Saturday, March 13, 2010

PeepCode screencast: Use the Cucumber

I've been interested in acceptance testing tools recently and Cucumber has been at the top of my list. PeepCode recently released a screencast on Cucumber. I've viewing it right now; the screencast is excellent and a nice introduction to Cucumber. I'm thinking of using it on a Grails web app. The screencast is based on a Rails 2 web application, which Cucumber seems to integration seamlessly with. Supposedly Cucumber is technology agnostic and works against any sort of web application.

5 comments:

  1. I haven't tried it, but you might want to check out cuke4duke. It's a cucumber clone for the various languages on the java platform. I've run across it a couple of times recently.

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  2. @Ted: Thanks for the link. After watching the screencast, it seems like a lot of what Cucumber is doing is regexes of plain English statements tied to executable code (steps in Cucumber speak). Very simple approach, and I'm glossing over a lot here, but its an approach that seems to work. I wonder if you couldn't build some similar using Groovy. In the end, Cucumber is interesting as it abstracts away all the technical details of interacting with an interface and allows you and perhaps your customer and testers to build executable acceptance tests in plain English. That's pretty cool.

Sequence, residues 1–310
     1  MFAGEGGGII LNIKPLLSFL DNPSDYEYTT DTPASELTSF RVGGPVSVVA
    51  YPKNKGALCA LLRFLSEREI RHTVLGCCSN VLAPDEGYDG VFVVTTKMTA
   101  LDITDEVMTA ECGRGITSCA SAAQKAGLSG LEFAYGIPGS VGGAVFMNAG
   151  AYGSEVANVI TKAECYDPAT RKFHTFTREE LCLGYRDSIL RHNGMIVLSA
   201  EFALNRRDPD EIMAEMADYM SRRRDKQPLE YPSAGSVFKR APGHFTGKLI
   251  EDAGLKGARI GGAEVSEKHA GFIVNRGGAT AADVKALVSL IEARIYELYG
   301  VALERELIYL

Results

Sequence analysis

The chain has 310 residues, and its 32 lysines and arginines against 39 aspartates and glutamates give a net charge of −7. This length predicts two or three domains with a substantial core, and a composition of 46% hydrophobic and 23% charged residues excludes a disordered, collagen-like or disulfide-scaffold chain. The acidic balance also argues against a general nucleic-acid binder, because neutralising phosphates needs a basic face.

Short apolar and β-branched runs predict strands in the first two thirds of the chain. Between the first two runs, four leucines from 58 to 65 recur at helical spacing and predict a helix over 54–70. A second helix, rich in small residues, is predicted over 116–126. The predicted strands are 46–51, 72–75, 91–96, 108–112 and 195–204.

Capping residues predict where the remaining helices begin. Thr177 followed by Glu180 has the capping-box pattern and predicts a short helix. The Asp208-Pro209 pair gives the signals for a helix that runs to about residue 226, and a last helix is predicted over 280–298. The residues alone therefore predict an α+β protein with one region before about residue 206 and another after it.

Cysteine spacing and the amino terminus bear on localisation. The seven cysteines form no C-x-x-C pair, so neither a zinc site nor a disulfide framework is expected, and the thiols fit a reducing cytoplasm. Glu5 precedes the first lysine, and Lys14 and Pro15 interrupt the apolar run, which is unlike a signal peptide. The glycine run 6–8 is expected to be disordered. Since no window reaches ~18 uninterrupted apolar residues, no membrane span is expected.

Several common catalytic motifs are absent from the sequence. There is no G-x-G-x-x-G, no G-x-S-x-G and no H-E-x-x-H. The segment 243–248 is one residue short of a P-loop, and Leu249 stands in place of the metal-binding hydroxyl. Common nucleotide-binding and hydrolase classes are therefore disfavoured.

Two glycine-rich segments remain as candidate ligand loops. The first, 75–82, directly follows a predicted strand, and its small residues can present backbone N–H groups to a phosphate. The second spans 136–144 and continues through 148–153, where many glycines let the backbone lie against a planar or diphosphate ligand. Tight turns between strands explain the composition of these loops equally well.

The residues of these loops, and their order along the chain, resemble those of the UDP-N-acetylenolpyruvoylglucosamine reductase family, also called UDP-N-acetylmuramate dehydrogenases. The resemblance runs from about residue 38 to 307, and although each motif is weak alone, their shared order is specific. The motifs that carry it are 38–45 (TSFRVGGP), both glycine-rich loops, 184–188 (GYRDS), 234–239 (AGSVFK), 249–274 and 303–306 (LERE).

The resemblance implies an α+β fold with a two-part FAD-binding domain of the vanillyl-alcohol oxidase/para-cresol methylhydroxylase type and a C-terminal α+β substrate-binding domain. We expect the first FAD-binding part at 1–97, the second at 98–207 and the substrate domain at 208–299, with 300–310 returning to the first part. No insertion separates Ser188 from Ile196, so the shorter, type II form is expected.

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  3. Chris, Cucumber is pretty slick. You might want to check out the RSpec book from the PragProgs (its about to be published, but in beta right now). It says its RSpec, but it has a lot of Cucumber in it. One of the things I liked about it was it showed the process of writing acceptance tests in Cucumber, then writing more fine-grained tests with RSpec. I really like that approach for TDD. Of course its all Ruby code so don't get freaked out by the lack of curly braces, its still good stuff... ;-)

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  4. @John: I have the eBook version of the PragProgs RSpec book. Taking Ted's advice, I went out and starting messing around with cuke4duke. After a short bit of time configuring my Maven POM, I was able to get the bits downloaded and was able to get a feature to run against Google using WebDriver. Feature and steps are written in Groovy. Looking to add cuke4duke to the workshop Joe Muraski and I will be doing for GR8 in the US. I really dig Cucumber.

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